When it comes to publicly urging greater integration, most European leaders aren't to be outdone.
"We need more Europe, not less," says German Chancellor Angela Merkel. "We don't need less Europe, but rather more intelligent integration," contends Luxembourg Prime Minister Jean-Claude Juncker. And French President François Hollande says: "We realize that the euro zone must have a common economic policy."
Herman Van Rompuy appears to take these affirmations literally. At next week's European Union summit, the EU Council President intends to present a bold concept to fundamentally restructure the monetary union.
According to this proposal, the European Commission, the EU's executive, would gain the right not only to recommend amendments to national draft budgets, but also to enforce them. If a government resists, the Brussels-based institution would have the power to impose fines.
In many European capitals, though, Van Rompuy's reform plans are controversial. Indeed, many politicians have been put off by the numerous rules and regulations that Brussels has already used to intervene in the economic policies of crisis-stricken countries. Until now, the threat of EU sanctions has mainly been confined to smaller member states.
For instance, early this year the Commission threatened to suspend subsidies for Hungary. Shortly thereafter, the nationalist Hungarian prime minister, Viktor Orbán, gave in to Brussels' demands. After all, 97 percent of all public investment in his country is financed to a significant degree by the EU.
By contrast, large countries such as Spain, Italy and France have so far had little to fear. Olli Rehn, the European commissioner for economic and monetary affairs in Brussels, knows better than to antagonize certain countries by imposing sanctions.
EU Recommendations Ignored
The so-called "European semester," for example, is designed to coordinate the economic policies of EU nations. Large teams of Eurocrats assigned to each country conduct elaborate analyses and make recommendations -- which often end up getting tossed in the waste basket in the European capitals. "The European semester lacks teeth," says Manfred Weber, deputy chairman of the parliamentary group of the center-right European People's Party (EPP) in the European Parliament.
Members of the European Parliament recently commissioned a study to compare the recommendations from 2011 and 2012. The results were sobering: "In many countries, even in Germany, hardly anything was implemented," says Sven Giegold, an MEP for the Green Party.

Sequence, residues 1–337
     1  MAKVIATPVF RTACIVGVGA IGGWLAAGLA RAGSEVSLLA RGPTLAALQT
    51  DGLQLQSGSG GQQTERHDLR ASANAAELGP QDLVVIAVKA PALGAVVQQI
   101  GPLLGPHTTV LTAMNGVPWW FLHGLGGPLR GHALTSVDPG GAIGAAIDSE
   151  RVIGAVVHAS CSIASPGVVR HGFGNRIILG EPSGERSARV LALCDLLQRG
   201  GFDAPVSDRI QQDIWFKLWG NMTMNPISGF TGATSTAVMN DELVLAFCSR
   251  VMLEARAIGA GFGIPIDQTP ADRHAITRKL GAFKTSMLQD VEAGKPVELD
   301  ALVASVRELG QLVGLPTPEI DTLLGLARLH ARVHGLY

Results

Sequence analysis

For instance, the European Commission criticized that secondary wage earners in Germany have little incentive to take on work and recommended reforming the tax-splitting provision for married couples. The German government has so far done nothing. The issue was simply too politically charged.
Even countries like Spain remained obstinate. According to the EU parliamentarians' report, when it comes to Madrid's tax policy, "Spain has undertaken measures that go in a different direction than the one recommended."
The degree of resistance to even small Brussels reform projects became apparent at the last EU summit on June 28. The topic of discussion was the budgetary recommendations of the European Commission. Malta objected to raising the retirement age, the Finnish prime minister found the debate on the retirement age to be "very difficult," the leaders of Cyprus, Belgium and Luxembourg opposed suspending automatic inflation-linked wage increases, and Bulgaria criticized the "poor analysis" undertaken by the European Commission.
Fiscal Pact Being Watered Down
Since December 2011, the so-called "six pack" of five regulations and one directive has been in force, and it already calls for draconian fines. If the European Council, the powerful EU body representing leaders of the member states, is of the opinion that a debt-ridden member state "has not taken effective action to correct its excessive deficit," it can impose a fine amounting to 0.2 percent of gross domestic product (GDP). Nevertheless, such a fine has never been imposed. A qualified majority on the European Council can reject any sanction.
The latest toy for euro fans is the fiscal pact, which still has not been ratified by all member states. In the future, this would only allow structural deficits of 0.5 percent of GDP. This regulation, which was primarily pushed through by the German chancellor, sounds hard and binding. But European politicians are already working to water it down.
Speaking before the National Assembly in Paris last week, French Prime Minister Jean-Marc Ayrault lobbied for support of the fiscal pact by saying that it would not limit the sovereignty of the French parliament. He then turned the pact's intention on its head: "The treaty imposes no constraints on public spending," he said.